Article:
The Montgomery County Council yesterday urged the Metro board of directors to employ the least expensive of five proposed construction plans in building the controversial Wheaton-to-Glenmont Metrorail line.
At the same time, the Council voted to send letters to County Executive James P. Gleason, Maryland Transportation Secretary Herman Intemann, and U.S. Transportation Secretary Brock Adams in an effort to win release of $325 million in Metro construction funds now being withheld by intemann at Gleason's urging.
"We're writing letters to everyone involved in hanging up the money to tell them to quit hanging up the money," said Montgomery County Council President John L. Menke yesterday.
County officials said they are confident that the Metro board will endorse the same construction proposal at its Thursday meeting. The federal government has yet to guarantee that it will finance the bulk of the construction for the Glenmont line.
The construction proposal adopted by a 6-to-1 vote of the Council yesterday involves the building of a deep tunnel line with tube-line stations at Forest Glen and Wheaton. The proposal would cost $347 million - $25 million less than the original plan for the line according to amemo written by Metro general manger Theodore C. Lutz.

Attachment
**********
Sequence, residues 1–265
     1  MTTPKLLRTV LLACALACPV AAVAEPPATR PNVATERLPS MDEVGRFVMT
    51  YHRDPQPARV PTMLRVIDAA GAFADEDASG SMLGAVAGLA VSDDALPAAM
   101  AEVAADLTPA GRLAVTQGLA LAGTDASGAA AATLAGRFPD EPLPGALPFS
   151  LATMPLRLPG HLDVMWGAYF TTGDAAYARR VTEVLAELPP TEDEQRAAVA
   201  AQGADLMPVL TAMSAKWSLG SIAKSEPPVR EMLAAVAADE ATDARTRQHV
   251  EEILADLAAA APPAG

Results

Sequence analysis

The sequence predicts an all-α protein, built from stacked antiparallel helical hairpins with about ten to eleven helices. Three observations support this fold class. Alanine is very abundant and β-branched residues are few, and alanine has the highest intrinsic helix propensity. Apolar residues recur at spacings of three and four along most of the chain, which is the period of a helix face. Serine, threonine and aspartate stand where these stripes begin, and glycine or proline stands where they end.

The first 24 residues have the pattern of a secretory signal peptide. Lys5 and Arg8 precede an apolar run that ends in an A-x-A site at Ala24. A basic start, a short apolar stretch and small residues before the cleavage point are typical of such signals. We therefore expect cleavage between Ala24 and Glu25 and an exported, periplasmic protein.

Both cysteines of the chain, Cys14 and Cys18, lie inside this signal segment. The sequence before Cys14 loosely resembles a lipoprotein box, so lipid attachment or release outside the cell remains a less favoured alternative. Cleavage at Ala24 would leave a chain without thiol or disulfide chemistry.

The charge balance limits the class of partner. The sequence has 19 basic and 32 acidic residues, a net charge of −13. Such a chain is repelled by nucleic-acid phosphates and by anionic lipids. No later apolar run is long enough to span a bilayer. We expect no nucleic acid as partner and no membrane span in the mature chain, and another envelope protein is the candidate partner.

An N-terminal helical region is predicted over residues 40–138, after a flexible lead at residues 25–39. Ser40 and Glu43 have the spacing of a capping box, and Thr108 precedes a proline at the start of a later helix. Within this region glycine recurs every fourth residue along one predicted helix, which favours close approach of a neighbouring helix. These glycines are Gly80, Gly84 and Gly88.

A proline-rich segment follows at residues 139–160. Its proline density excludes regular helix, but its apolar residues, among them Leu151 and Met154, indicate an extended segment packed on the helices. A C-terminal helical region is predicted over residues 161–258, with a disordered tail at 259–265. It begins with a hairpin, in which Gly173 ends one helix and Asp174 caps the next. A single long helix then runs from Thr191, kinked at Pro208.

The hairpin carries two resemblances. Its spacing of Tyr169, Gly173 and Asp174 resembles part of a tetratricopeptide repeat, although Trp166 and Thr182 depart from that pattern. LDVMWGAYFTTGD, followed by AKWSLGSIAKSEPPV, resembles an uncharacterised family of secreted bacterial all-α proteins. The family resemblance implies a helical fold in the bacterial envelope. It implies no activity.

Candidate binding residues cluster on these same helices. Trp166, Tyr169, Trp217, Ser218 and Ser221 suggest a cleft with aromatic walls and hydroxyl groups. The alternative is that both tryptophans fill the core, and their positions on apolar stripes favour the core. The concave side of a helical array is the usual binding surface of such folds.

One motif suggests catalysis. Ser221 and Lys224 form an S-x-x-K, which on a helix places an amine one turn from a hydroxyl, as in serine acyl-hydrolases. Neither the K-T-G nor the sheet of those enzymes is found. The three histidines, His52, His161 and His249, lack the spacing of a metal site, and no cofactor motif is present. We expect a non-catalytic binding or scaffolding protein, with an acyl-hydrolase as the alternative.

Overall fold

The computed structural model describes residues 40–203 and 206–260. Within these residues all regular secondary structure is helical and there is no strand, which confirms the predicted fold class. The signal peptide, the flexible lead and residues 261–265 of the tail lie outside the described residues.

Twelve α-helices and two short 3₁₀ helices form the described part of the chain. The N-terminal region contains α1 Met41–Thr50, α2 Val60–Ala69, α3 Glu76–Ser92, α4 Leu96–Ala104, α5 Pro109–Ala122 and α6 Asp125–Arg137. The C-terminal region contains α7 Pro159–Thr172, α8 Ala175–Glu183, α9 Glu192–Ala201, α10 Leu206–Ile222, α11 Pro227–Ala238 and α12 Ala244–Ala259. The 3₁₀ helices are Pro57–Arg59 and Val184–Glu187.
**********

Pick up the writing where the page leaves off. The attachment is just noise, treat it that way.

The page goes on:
The deep-tunnel proposal would be the least disruptive of Georgia Avenue traffic, the major thoroughfare followed by the Metro Red Line according to Gleason, who also favors the deep-tunnel plan.
Gleason had insisted that the $325 million not be released until the U.S. government guaranteed that the 4.5 mile stretch of the Metro Red Line between Silver Spring and Wheaton would eventually be built.
Council members insisted yesterday that the money should be released regardless of whether the Urban Mass Transportation Administration makes such a commitment.
"The Shady Grove line can't be built without the funds," Menke said. The withholding of the funds has resulted in the suspension of all new Metro construction throughout the Washington area.
Gleason's action "was a tactic," said Council member Ester Gelman. ". . . a very effective tactic. I think it worked. If Montgomery County is holding back (the funds) then (the federal government has) to say there is something urgent about this line."
Most of the other Council members disagreed. Council member Norman Christeller said, "It was counterproductive and it hurt the other jurisdictions. Gleason's unilateral action, and then his saying to us 'I don't have to justify it,' is no way to act in this government."
Council member Jane Ann Moore, whose vote was the only dissenting one on the issue of the construction plan and the sending of the letters, said she was not convinced the line was "cost-effective". "Without the inclusion of (projected) riders hip figures . . . there is no way I can rationally conclude that this line deserves the support of citizens' tax dollars," she said in a statement she released yesterday afternoon.